Why being layered is so important? Temperatures may be warmer in the day than you expect, which will cause you to sweat. Your sweat will make for a cold feeling and once you get wet, your body will lose its natural temperature at a higher rate than before. If you are dressed appropriately, you can remove a light-weight layer and carry it with you. Second, your body works hard due the climate. The cold weather, snow, and natural adjustment of your body require a significant output of physical energy other than just walking. You will want to be able to take off and put on layers as needed. It can’t be stated enough here; layers are the key to comfort in a Polar climate.
Being waterproof is also essential. Although summer temperatures are generally mild, you should expect wind, clouds, and precipitation. It is also possible that water will spray up on passengers during Zodiac cruising. We can say with certainty that if your clothes are not waterproof on the outer layer, you will get cold. In this regard, we recommend being mindful of having waterproof shoes as well. Trust us, having a water-proofed outer layer can make or break your travel experience.
Beware of tight clothing that doesn’t let your body “breathe”. Part of being insulated is a system of letting the natural warm air of your body counteract the cold air you encounter. If your clothes are too tight, and don’t allow for insulation, you can get cold easily. Also, remember that cotton isn’t really an insulator. So, we recommend more modern artic designed clothing.
Finally, remember the “wind-chill factor” and plan accordingly. A stiff wind on a polar plain can sweep away any generated body heat in a second, and it’s important that your clothes are windproof. A good, warm wind-proofed shell will keep your chill to a minimum, so make sure any shell you bring is insulated, water- and windproof.
The following tips will help you be comfortable in cold weather
You should look for a lightweight, wind and weather-resistant shell with insulation. Bright colors are more visible, and safer in polar environments. Traditionally, Polar travelers wear red.
Ski pants are suitable if you have them. Otherwise, bring any sturdy trousers that can be layered between your long underwear and rain over-trousers
А pair of water-resistant “rain-pants” made of coated nylon are essential. These are worn like shell for your legs. Look for Gore-Tex and other synthetic fabrics that are waterproof and “breathable”. These materials keep out wind and water without trapping excess heat. This is probably the most important clothing you can pack for a trip.
You should select medium to thick thermal underwear; long sleeve thermal top, trousers and socks. Most people prefer a ightweight version – but this depends on your personal thermostat. Polypropylene fibres are warmer when damp or wet, than silk or wool, although the CSIRO has recently developed a fine wool product called Sportwool.
Wool sweaters or a polar fleece jacket of medium weight are recommended.
Bring several practical turtlenecks or t-shirts for layering and use around the ship.
Keeping your hands warm and dry is an important challenge. Thin polypropylene gloves should be worn underneath warm mittens so you can take off your mittens to operate your camera and maintain some level of protection against the cold. These should be loose enough to permit good blood circulation. It’s a good idea to bring an extra pair of wool mittens to wear if your other pair gets wet or lost.f
A warm cap to protect your ears.
A warm scarf can help you to protect your neck
Sturdy, tall wool (or other thick material) socks should be worn over a thin pair of silk, polypropylene or cotton/wool socks which provide enough insulation for your feet. Bring several pairs of outer socks, as your feet will inevitably get wet.
They will keep your feet warmer when sitting in the Zodiac for long periods.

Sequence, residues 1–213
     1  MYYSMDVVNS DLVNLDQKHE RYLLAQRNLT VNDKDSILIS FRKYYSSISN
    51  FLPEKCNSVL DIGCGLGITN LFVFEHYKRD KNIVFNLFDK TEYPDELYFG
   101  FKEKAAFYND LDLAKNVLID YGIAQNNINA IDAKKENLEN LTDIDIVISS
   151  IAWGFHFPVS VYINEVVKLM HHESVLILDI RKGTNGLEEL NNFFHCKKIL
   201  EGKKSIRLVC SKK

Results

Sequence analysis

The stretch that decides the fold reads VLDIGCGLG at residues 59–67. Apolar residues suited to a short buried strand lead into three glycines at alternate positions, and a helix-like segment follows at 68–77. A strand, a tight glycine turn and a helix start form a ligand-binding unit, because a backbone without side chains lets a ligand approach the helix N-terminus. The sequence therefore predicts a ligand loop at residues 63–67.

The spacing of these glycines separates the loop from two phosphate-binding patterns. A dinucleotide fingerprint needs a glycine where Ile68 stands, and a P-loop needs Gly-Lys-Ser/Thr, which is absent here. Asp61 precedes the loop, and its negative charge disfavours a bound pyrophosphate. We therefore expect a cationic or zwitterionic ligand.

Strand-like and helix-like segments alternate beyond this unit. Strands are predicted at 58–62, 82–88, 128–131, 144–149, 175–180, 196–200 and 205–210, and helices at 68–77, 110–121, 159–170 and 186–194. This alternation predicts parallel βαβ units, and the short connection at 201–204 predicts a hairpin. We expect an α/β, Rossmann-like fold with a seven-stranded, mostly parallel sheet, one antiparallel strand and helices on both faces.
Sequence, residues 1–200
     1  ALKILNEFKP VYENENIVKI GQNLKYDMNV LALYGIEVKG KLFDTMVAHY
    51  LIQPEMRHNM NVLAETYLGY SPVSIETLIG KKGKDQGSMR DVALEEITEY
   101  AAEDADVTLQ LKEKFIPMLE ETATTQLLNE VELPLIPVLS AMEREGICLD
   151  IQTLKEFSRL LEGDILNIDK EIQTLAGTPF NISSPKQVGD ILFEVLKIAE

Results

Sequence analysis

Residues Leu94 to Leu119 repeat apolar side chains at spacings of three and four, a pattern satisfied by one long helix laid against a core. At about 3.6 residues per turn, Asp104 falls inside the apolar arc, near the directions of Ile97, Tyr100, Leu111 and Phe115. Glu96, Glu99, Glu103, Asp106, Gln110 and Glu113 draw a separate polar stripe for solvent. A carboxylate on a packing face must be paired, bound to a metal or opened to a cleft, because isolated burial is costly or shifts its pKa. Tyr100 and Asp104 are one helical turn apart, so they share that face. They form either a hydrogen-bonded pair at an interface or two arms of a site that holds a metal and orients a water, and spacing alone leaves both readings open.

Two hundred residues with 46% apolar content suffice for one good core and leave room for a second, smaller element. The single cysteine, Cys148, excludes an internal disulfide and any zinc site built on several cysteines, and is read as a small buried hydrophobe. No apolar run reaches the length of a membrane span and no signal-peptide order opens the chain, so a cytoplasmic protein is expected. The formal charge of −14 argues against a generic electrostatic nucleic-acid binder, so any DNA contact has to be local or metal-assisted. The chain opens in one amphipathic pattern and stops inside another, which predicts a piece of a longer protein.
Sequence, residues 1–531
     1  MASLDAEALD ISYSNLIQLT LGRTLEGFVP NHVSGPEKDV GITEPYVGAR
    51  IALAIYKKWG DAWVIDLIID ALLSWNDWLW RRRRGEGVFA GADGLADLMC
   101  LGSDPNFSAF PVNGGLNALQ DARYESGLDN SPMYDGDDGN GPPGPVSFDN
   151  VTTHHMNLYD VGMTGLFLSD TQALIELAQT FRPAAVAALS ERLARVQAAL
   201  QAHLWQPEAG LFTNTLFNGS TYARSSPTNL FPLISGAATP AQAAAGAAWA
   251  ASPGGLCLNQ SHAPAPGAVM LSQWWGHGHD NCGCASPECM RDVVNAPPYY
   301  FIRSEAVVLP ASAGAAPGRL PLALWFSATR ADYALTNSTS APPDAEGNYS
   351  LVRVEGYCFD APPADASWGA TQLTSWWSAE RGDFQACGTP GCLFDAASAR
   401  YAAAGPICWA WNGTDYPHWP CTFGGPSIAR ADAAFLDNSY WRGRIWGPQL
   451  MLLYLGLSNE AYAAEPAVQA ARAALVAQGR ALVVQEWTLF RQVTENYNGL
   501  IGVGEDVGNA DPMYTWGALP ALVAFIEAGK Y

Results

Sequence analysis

A pair of pull-on rubber, unlined and completely waterproof boots that are mid calf or higher (12-16", 31-41 cm high) with a strong, ridged non-skid sole is essential for landings. You may have to step from the Zodiac into icy water up to 10" (25 cm) high on some landings. Also, expect poor footing on the ice and ashore. Do not bring heavy, cumbersome boots that make it difficult to walk. Boots with waffle soles like those on a hiking boot or running shoe tend to give the best footing. Ideal boots are «Wellies» or «Viking» boots. Remember that you will be wearing these boots a lot. So they must be comfortable for extended wear and walking. The boots should not be too tight or too sloppy. If they are too tight you will get cold feet.
For maximum warmth, wear loose-fitting boots and two pairs of socks. Try out your boots before the voyage.
Dress on the ship is informal. Clothing on board is usually jeans, corduroys, casual slacks or trousers, long sleeve shirts or t-shirts, fleece and a parka in hand during the day. Lightweight walking shoes/boots are comfortable and some people like to take them ashore.
A waterproof nylon backpack, rucksack, or similar bag for carrying your camera and other gear. Make sure your primary shore-landing bag has shoulder straps so that your hands are free, when boarding the Zodiac. It is very important that you have some way to keep your camera dry, particularly while you are on the Zodiacs.
High quality sunglasses with U.V. filter are recommended even on cloudy days, as the U.V. reflects powerfully, even when you don’t expect it. We do not require “glacier glasses”; your normal sunglasses will suffice, but polarized sunglasses are most effective. Tinted ski/snowboard goggles are also be useful if conditions are windy, snowy, etc.
Protective sun-block lotion for your lips, hands and face. The reflected glare from water, snow and ice can be intense and will burn the skin of passengers in certain conditions. In any regard, it is highly recommended.
Camera, battery charger. It is advisable to bring an extra camera in case of malfunction or accident.
Those who wear contact lenses should also bring glasses because salt and wind can irritate the eyes.
For hotels, aboard some ships and (just maybe) a polar plunge.
Prescription medicines and other remedies such as seasickness medication. Be prepared for rough water – also, please bring a signed and dated letter from your physician stating any health problems and dosage of medications, for emergency use.
A pair of binoculars for spotting whales and seabirds from deck is highly recommended.
Zip lock plastic bags for your camera.